4 Reasons Why Budgets Fail

4 Reasons Why Budgets Fail

This time two years ago, I had Mr I guest post on how we budget as a family and the tools we use. His post takes you through the three step process we use to set and then track a budget. Each step has its own corresponding spreadsheet which can be downloaded in one file or like us you can use a file in the cloud on Google Drive.

In the recent survey feedback, many of you noted that you would like more posts on budgeting and family finances, with a number of readers saying they have tried to budget but it doesn’t work for them.

So today I thought I would run through 4 of the common reasons why budgets fail:

1. Not tracking previous expenses

Looking at previous expenses gives you a better understanding of what you are likely to spend in the future. If you have decided you want to set a budget try and have at least a month, preferably a quarters worth of living expenses to analyse, so you have a full understanding of where your money is currently going.

Randomly setting budgets for your expenses can mean you are way off target. Once you start tracking your expenditure and see your financial position as being well over budget you often lose enthusiasm for the budget process and give up on it.

2. Not making realistic changes

People often come to budget setting due to a financial need. It may be to reduce debt or to start saving. It is a common to set a budget on what you want to achieve as an end result. This is fine if you can realistically make the changes you need to get there. Quite often though, the bottom line is more of a dream than a reality.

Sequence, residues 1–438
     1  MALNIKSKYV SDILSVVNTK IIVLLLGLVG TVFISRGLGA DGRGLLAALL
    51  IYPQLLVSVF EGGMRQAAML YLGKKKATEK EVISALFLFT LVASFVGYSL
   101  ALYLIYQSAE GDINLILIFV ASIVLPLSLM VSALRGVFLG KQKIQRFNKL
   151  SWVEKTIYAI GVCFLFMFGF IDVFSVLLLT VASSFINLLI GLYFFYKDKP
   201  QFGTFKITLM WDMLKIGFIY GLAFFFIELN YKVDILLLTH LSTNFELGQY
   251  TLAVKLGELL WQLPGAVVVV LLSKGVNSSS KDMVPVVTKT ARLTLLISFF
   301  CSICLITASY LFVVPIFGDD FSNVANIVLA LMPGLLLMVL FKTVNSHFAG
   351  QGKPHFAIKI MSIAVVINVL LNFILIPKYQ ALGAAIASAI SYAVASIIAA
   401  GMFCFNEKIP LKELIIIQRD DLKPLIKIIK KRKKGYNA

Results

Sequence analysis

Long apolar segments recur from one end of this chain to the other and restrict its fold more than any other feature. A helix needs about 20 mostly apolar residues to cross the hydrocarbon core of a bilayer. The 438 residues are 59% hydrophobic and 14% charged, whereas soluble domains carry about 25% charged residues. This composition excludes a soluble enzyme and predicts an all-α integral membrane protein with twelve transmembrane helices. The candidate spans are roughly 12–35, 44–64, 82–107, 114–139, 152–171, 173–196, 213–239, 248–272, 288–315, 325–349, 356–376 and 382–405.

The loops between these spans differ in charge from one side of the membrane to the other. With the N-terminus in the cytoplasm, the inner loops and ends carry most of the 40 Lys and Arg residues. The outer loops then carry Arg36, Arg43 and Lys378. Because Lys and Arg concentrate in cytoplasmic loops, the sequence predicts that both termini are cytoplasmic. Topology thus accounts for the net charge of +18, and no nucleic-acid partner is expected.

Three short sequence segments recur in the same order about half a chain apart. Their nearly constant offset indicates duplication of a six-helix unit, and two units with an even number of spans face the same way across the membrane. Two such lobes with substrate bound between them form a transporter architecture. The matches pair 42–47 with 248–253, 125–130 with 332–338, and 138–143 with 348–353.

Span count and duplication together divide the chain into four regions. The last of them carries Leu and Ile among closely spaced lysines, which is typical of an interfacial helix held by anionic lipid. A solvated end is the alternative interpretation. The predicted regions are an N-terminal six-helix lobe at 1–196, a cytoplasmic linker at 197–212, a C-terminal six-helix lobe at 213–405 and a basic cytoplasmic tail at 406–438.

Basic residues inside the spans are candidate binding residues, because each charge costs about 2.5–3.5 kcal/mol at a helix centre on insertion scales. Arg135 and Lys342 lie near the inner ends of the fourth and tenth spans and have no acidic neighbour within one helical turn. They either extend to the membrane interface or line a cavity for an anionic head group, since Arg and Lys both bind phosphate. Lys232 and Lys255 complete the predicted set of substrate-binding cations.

If you have actually looked at your previous expenses, but then just decide to cut them by 25% to achieve desired savings without first calculating a plan as to how you will do this, reduced spending is very unlikely to actually happen. As in scenario one, you may find yourself very quickly well over budget. Disheartened you are likely to decide the budget process doesn’t work for you and give up on it.

3. Not having a buffer

Even if you set your budget on the most realistic of expenses and track to it perfectly, it only takes one out of the ordinary event to throw your budget completely out of whack. If you don’t have a buffer or what is commonly know as an emergency fund, then you will find yourself in financial difficulty.

As a general rule, financial advisors (which I am not one!) recommend having at least three months personal expenses set aside in a savings or a highly liquid money market account. This will help you get through things like an unexpected job loss, need to replace a high value item like a fridge or an unexpected new addition to the family.

4. Not choosing a budget system that works for you

As noted earlier, we have a defined budget system, but the system we use may not be the one for you. We use credit cards for most of our purchases and always pay them off on time and have strategies around this for balancing cash flow. For some using credit cards is not part of the equation due to personal choice or other reasons.

Simple Mom was one of the first blogs I ever read and she does not use credit cards at all and uses an envelope system for budgeting (yes this is pretty much putting cash in envelopes). A system that while certainly not for me, seems to work for her family and many others. So you will actually use it and stick to it, it is essential you find a budget system that works for your family.

Have you tried setting a family budget before only to give up after a few months? What did you find most challenging about the process?